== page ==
Celtic make inroads by finding right markets


When Celtic lifted the European Cup in 1967, all but one of their 15-man squad had been born within 10 miles of the club’s home ground. Forty-five years on, another famous and indelible mark was etched in Celtic’s history by a distinctly more cosmopolitan group of players.

Not that nationality will matter one iota to the Celtic support, who will rightly hail the heroes who defeated Barcelona on Champions League business on Wednesday night, but only one of the starting XI, Charlie Mulgrew, was Scottish-born.

Albeit player values have been warped by the ability to move under freedom of contract, a glance at Celtic’s successful line-up in comparison to their Catalan opponents paints a striking picture. It also endorses just how impressive Celtic’s shock victory, and general performance, actually was. Earlier in this campaign, Celtic had held their own in the Camp Nou and scored three times in victory at Spartak Moscow.

Five of the starting Celtic team – Adam Matthews, Kelvin Wilson, Mulgrew, Mikael Lustig and Joe Ledley – moved to Glasgow under freedom of contract. One, Miku, is a loan signing. Fraser Forster, Efe Ambrose, Kris Commons, Victor Wanyama and Georgios Samaras did command transfer fees but that figure, in total, is no more than €7.5 million. Tony Watt, an 18-year-old who stepped from the bench to score Celtic’s crucial second goal, cost €63,000 from Airdrie United.

Paltry figures, in other words, compared to the vast sums which are now thrown around by the clubs who prominently feature year on year in the Champions League. No Celtic player earns more than €1.9 million a year as a basic wage, Barcelona’s average annual salary is reported to be about €6.3 million.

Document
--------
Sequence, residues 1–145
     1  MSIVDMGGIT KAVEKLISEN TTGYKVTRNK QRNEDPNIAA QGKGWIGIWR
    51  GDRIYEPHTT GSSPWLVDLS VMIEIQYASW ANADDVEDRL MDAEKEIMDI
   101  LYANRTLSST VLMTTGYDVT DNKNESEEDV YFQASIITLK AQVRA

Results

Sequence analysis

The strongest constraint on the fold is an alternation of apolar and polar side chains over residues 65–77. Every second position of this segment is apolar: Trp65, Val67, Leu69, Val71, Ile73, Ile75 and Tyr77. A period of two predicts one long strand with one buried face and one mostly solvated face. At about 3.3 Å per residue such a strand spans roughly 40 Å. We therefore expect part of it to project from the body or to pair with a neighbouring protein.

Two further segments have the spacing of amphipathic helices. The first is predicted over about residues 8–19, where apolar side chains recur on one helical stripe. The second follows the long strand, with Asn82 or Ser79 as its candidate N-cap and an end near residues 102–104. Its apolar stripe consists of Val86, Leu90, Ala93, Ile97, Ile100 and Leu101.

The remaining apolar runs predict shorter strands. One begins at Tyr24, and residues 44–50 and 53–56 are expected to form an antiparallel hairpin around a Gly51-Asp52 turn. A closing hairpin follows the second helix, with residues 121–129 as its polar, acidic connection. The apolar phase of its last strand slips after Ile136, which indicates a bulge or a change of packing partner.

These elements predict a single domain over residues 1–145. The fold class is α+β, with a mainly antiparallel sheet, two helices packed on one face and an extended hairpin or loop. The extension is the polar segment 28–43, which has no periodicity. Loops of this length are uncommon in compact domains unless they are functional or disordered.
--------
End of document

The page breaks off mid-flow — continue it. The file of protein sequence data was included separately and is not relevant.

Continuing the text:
Celtic’s ability to perform with distinction at Champions League level highlights how successfully they have recruited young players from far afield. John Park, Celtic’s football development manager, is the man credited with sourcing the clutch of players who could now be sold on for considerable profit. During Park’s time at Hibernian, the club produced and sold a number of exciting young players.

Wanyama is Celtic’s case in point, a 21-year-old midfielder who cost just €1.1 million from Beerschot in Belgium. Amid interest from top English clubs, Celtic’s manager Neil Lennon spoke of Wanyama being valued at €30 million. The Kenyan’s display against Barcelona offered food for thought to those who scoffed at Lennon’s words.

Wanyama is an example of the specific markets Celtic have targeted: those with affordable young players whom bigger clubs may be reluctant to take a chance on; other smaller leagues, essentially, which offer potentially hidden gems.

The full back, Emilio Izaguirre, arrived from Honduran football for €750,000 after Celtic launched a specific scouting focus on the 2010 World Cup. Beram Kayal signed from Maccabi Haifa and Ki Sung-yueng, who was subsequently sold to Swansea City for three times the €2.5 million Celtic paid for him, joined from FC Seoul. Commons, at just €375,000, represents one of Celtic’s best value for money purchases of recent times.

For Lennon there has been an epic turnaround. Last October, Celtic found themselves 3-0 down within 45 minutes at Kilmarnock with their manager, by his own subsequent admission, wondering how to compose his resignation letter. Lennon’s team recovered to claim a draw that day, won the championship and are now making positive inroads in Europe. For the manager, whose own talent may well have been understated in the past, that is an achievement worthy of wide recognition.

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